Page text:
5 2 identifying friction forces
5.2 Identifying friction forces
  • Friction is a force, measured in newtons just like any other force.
  • Static friction keeps an object at rest from moving.
5 2 identifying friction forces1
5.2 Identifying friction forces
  • Sliding friction is a force that resists the motion of an object moving across a surface.
5 2 a model for friction
5.2 A model for friction
  • Friction depends on a material’s properties such as roughness, how clean the surfaces are, and other factors.
  • The greater the force squeezing two surfaces together, the greater the friction force.
5 2 reducing the force of friction
5.2 Reducing the force of friction
  • Unless a force is constantly applied, friction will slow all motion to a stop eventually.
  • It is impossible to completely get rid of friction, but it can be reduced.
5 2 reducing the force of friction1
5.2 Reducing the force of friction
  • The friction between a shaft (the long pole in the picture) and an outer part of a machine produces a lot of heat.
  • Friction can be reduced by placing ball bearings between the shaft and the outer part.
5 2 using friction
5.2 Using friction
  • Friction is also important to anyone driving a car.
  • Grooved tire treads allow space for water to be channeled away from the road-tire contact point, allowing for more friction in wet conditions.
5 2 using friction1
5.2 Using friction
  • Shoes are designed to increase the friction between their soles and the ground.

How do you think these shoes increase friction?

5 2 friction and energy
5.2 Friction and energy
  • Friction changes energy of motion into heat energy.
5 2 friction and energy1
5.2 Friction and energy
  • Friction is always present in any machine with moving parts.
  • If the machine is small, or the forces are low, the amount of heat produced by friction may also be small.
5 2 friction and energy2
5.2 Friction and energy
  • Each time two moving surfaces touch each other, tiny bits of material are broken off by friction.
  • Breaking off bits of material uses energy.
chapter 5 3 learning goals
Chapter 5.3 Learning Goals
  • Determine the net force acting on an object.
  • Define equilibrium.
  • Draw free-body diagrams to represent all forces acting on a body.
5 3 forces and equilibrium
5.3 Forces and Equilibrium
  • The sum of all the forces on an object is called the net force.
  • The word net means total but also means the direction of the forces has been taken into account.

In what direction will this plane go?

5 3 adding forces
5.3 Adding forces
  • To figure out if or how an object will move, we look at ALL of the forces acting on it.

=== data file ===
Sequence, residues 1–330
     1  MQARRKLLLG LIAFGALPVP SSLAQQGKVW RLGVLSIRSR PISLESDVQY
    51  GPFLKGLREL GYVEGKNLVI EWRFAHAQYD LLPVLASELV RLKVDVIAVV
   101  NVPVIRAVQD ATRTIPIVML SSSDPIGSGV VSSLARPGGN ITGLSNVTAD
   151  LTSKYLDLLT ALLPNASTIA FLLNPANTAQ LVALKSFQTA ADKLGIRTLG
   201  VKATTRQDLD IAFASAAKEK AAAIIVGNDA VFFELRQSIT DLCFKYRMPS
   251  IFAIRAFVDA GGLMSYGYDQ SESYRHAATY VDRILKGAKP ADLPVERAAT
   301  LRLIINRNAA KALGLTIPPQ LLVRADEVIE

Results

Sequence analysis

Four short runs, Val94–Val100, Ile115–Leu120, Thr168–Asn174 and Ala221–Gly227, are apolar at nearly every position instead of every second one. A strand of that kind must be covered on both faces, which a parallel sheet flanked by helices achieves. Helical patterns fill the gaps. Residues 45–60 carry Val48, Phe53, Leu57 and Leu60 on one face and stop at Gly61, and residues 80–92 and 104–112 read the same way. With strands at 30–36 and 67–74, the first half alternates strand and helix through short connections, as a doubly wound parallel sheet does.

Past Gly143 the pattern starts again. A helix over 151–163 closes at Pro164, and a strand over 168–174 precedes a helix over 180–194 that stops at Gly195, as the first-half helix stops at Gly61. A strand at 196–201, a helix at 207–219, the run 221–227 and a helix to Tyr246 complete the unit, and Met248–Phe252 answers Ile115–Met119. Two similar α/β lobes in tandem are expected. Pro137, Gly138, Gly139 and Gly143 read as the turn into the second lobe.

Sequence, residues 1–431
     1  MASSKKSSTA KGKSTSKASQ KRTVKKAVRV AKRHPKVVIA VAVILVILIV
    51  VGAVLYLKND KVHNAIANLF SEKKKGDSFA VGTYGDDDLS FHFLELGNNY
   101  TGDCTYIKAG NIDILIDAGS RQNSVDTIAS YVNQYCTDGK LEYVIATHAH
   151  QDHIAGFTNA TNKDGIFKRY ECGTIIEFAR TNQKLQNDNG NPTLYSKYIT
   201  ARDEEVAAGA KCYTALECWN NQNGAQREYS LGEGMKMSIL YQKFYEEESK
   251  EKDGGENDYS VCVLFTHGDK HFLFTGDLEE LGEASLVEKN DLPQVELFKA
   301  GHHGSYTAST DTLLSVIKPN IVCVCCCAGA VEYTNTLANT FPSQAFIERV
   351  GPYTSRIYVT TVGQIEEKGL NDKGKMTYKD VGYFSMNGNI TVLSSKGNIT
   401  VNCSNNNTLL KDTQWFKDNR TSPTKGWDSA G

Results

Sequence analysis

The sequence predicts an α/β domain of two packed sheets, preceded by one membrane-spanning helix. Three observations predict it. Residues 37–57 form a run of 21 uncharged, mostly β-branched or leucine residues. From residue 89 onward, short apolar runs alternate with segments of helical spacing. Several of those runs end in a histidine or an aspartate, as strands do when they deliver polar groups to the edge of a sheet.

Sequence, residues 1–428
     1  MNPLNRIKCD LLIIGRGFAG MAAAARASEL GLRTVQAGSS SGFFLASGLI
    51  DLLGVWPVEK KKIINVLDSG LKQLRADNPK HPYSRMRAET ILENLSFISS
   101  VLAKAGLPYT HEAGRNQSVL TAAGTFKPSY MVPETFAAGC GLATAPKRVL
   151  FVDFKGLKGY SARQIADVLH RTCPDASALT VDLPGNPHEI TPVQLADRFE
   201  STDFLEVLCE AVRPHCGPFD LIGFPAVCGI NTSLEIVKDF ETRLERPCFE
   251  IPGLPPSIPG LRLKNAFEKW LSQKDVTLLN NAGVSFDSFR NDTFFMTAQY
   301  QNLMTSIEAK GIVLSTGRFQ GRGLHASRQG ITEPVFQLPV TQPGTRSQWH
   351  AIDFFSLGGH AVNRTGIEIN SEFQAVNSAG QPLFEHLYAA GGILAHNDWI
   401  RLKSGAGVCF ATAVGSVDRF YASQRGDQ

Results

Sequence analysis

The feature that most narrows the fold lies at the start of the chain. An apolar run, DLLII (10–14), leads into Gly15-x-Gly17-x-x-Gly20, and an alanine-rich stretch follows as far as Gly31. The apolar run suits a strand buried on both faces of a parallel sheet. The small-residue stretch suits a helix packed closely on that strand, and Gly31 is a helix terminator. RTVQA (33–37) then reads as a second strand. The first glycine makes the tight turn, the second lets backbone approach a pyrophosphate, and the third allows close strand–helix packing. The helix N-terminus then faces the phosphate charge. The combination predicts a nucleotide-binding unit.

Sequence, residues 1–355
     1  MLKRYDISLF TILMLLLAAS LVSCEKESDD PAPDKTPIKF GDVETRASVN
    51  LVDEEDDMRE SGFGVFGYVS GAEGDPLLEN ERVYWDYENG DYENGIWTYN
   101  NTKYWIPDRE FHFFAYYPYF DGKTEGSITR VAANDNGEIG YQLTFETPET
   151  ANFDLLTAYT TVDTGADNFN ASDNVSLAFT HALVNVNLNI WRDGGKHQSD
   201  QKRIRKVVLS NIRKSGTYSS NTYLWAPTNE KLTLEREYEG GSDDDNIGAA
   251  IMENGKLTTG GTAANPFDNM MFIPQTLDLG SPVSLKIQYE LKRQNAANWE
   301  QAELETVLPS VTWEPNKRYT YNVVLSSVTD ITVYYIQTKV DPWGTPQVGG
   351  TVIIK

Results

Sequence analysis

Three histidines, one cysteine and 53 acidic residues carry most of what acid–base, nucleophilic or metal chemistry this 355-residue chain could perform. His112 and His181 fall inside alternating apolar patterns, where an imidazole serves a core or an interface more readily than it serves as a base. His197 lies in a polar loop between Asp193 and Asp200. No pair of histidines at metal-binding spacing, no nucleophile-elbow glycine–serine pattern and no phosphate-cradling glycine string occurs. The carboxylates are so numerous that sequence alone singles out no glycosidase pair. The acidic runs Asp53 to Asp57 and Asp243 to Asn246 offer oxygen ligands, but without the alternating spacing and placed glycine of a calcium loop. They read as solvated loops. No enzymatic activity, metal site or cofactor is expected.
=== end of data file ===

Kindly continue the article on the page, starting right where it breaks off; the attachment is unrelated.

• Four forces act on a plane:
    • weight
    • drag (air friction)
    • the thrust of the engines, and
    • the lift force caused by the flow of air over the wings.
5 3 equilibrium
5.3 Equilibrium

When several forces act on the same object:

  • The net force is zero, or
  • The net force is NOT zero.
5 3 normal forces
5.3 Normal forces
  • When the forces are balanced, the net force is zero.
  • When the net force on an object is zero, we say the object is in equilibrium.
5 3 equilibrium and normal forces
5.3 Equilibrium and normal forces
  • A normal force is created whenever an object is in contact with a surface.
  • The normal force has equal strengthto the force pressing the object into the surface, which is often the object’s weight.

The normal force is sometimes called the support force.

5 3 the free body diagram
5.3 The free body diagram
  • How do you keep track of many forces with different directions?
  • Draw a free-body diagram that contains the objects, like a book on a table.
5 3 solving equilibrium problems
5.3 Solving equilibrium problems
  • For an object to be in equilibrium, all the forces acting on the objectmust add up to zero.

Is this object in equilibrium?

solving problems1
Solving Problems

Two chains are used to support a small boat weighing 1,500 newtons.

One chain has a tension of 600 newtons.

What is the force exerted by the other chain?

solving problems2
Solving Problems
  • Looking for:
    • …tension on chain 2
  • Given
    • …weightboat = 1,200N; tension1 = 600 N
    • Implied: weight and tension are forces
  • Relationships:
    • Net force on boat = zero
solving problems3
Solving Problems
  • Solution:
    • Draw free body diagram
  • Upward force of chains = weight of boat
  • 600 N + tension2 = 1,200 N
  • tension2 = 900 N